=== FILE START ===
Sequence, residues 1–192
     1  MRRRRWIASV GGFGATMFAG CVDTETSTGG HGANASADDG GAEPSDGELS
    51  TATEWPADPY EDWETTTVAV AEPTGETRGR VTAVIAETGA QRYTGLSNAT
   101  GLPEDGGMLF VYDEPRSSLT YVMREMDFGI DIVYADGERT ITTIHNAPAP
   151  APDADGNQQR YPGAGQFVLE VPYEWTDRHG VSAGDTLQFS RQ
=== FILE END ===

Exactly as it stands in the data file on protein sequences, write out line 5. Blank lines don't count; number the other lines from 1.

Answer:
   151  APDADGNQQR YPGAGQFVLE VPYEWTDRHG VSAGDTLQFS RQ